Wednesday, March 7, 2007

Geoff McKay: Accumulating Assets

The following letter is from Geoff McKay, a General Partner with Forstmann Little & Co., 1985 BC High School Athlete of the Year, and former captain of the Canadian Jr. National Basketball Team.

As a former Penticton resident with many friends and family still living in the community, I was surprised and dismayed to recently learn that plans are in place to demolish the Pen-Hi North Gym. I attended Pen-Hi for five years in the early 1980’s and it is scarcely an exaggeration to say that I lived in that gym: countless hours playing basketball and volleyball, taking physical education classes, eating lunch every day in the stands. These experiences helped shape my life and the lives of many others, so I admittedly carry a sentimental view of the gym that makes it much more than four walls and a hardwood floor to me. However, I recognize that nostalgia (even if dressed up as “tradition” or “history”) can only be, at best, minor considerations in a decision such as this.

That said, I find it difficult to believe that the North Gym, even with an additional new facility being built, would not be a very valuable asset to the community. I understand it was recently upgraded, which would suggest it is not a “white elephant” that is dramatically outdated. If the city had to spend the capital to build this gym from scratch, would it be a priority? Undoubtedly not, but of course in this case that capital has already been expended; the issue is the operating costs. And, as someone who works as an investor on Wall Street, I assure you that it is the shrewd who salivate in situations where owners are willing or need to give up valuable assets because they cannot afford relatively modest operating costs. Fortunes have been built (and expanded) on exactly this premise. This situation is not perfectly analogous, but it seems to me that a city advertising itself as vibrant and growing would be seeking to accumulate rather than sacrifice valuable assets.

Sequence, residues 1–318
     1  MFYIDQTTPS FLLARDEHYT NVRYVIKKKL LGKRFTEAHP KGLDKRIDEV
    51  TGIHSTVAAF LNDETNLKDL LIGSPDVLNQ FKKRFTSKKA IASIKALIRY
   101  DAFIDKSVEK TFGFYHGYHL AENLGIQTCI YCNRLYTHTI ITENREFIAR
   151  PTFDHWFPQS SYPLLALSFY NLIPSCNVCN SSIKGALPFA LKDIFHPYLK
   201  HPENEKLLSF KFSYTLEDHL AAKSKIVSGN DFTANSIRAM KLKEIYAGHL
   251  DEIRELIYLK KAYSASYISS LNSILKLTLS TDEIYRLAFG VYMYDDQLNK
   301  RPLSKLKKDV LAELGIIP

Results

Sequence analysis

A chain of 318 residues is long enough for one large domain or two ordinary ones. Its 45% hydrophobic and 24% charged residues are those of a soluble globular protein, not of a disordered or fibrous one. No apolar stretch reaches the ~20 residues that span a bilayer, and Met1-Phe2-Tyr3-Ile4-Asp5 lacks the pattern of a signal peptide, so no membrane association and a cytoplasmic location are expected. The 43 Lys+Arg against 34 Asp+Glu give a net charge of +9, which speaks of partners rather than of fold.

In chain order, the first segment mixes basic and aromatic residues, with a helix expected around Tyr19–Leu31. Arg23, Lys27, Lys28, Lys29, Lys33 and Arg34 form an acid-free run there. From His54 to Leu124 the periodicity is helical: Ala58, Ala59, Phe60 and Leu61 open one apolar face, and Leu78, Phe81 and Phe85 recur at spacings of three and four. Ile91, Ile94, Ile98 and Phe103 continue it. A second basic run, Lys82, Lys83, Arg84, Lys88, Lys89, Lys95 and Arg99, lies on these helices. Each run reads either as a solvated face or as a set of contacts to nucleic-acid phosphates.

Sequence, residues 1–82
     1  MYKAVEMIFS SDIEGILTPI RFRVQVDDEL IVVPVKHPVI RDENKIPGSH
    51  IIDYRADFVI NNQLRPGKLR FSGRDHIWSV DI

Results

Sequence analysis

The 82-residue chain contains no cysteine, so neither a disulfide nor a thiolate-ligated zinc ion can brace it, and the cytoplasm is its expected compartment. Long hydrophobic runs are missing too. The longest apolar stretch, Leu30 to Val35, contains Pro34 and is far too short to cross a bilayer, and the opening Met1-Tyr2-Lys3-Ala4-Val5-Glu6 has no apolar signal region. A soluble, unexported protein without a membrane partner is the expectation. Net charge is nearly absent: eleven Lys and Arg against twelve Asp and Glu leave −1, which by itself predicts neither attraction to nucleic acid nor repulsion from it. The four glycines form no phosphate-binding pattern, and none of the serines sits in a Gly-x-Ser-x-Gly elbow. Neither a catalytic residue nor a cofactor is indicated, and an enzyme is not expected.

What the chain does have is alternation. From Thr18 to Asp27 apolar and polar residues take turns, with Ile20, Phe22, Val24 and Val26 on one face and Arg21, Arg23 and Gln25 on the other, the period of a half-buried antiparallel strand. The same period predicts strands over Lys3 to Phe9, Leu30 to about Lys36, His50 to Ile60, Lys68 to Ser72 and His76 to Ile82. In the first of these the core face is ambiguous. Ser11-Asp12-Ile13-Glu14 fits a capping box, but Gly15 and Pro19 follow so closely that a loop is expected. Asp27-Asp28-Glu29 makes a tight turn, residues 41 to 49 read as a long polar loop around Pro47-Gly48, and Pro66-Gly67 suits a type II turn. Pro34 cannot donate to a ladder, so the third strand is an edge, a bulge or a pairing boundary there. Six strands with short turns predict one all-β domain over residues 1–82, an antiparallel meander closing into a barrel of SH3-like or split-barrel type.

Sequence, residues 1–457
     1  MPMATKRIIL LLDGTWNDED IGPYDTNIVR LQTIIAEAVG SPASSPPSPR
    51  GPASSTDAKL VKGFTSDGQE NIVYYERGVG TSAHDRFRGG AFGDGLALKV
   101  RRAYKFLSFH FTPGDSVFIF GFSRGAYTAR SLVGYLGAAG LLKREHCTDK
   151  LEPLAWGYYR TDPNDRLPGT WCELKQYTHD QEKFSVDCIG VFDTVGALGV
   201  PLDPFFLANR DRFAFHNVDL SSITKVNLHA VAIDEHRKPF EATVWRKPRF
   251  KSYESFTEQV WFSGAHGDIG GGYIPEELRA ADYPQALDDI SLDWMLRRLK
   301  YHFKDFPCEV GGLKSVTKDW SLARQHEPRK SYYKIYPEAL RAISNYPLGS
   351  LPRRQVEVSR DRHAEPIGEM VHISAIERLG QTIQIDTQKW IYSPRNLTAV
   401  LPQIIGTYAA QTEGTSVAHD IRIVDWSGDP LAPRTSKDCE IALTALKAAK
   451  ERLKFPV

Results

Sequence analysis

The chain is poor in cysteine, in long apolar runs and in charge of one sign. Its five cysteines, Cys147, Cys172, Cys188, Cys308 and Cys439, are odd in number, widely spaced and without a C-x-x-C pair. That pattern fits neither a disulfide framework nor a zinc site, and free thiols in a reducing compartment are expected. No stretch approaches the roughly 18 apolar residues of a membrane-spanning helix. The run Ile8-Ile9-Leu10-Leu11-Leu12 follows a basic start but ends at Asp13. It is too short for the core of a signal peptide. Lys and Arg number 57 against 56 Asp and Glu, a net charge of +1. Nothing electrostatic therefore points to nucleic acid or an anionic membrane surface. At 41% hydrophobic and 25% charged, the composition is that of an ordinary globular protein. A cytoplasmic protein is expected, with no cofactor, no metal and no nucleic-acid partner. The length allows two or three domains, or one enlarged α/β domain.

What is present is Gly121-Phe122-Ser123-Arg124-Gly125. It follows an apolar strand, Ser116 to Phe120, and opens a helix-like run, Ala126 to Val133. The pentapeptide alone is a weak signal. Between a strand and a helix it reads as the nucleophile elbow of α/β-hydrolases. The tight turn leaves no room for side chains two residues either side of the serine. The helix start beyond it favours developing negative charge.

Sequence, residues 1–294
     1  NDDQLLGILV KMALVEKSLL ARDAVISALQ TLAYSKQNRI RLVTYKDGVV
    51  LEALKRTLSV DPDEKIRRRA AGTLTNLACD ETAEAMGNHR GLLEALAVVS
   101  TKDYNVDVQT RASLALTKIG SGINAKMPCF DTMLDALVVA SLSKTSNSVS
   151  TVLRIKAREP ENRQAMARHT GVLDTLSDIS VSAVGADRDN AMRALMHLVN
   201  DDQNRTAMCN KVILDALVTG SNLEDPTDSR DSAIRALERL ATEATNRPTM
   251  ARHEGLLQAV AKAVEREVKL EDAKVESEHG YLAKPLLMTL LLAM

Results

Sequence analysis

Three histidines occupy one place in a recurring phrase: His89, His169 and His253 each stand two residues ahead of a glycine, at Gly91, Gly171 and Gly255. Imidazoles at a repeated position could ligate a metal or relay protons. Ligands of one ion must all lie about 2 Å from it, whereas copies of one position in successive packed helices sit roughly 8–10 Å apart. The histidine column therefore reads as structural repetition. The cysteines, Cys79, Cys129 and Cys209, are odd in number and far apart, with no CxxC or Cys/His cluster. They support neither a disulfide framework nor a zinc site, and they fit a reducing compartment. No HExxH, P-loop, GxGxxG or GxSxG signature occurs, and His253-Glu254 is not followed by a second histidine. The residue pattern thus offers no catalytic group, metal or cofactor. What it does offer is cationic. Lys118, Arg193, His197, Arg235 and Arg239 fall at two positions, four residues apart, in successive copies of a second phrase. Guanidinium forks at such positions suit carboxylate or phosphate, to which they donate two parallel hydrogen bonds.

The problem is that unlike the operating costs, which are black and white, many of the benefits of a facility are hard to quantify. Said another way, they do not directly generate revenue. The organized activities that I derived so much benefit from – Lakers basketball, etc. – will always be a school priority and will be more than adequately covered by the new gym. However, there are dozens of other activities, both school and community-based, that are starved for gym time. The participants derive tremendous benefit from this. And how many articles have we read about the importance of exercise in relation to aging baby boomers, or juvenile obesity? Given that these are the people who get squeezed when gym time is scarce, isn’t this exactly the type of facility the community should be supporting?

Of course, the devil is in the details, and I confess I am not particularly familiar with many of those. However, it seems that at the very least the issue should be fully vetted by interested parties before a rash decision is made.

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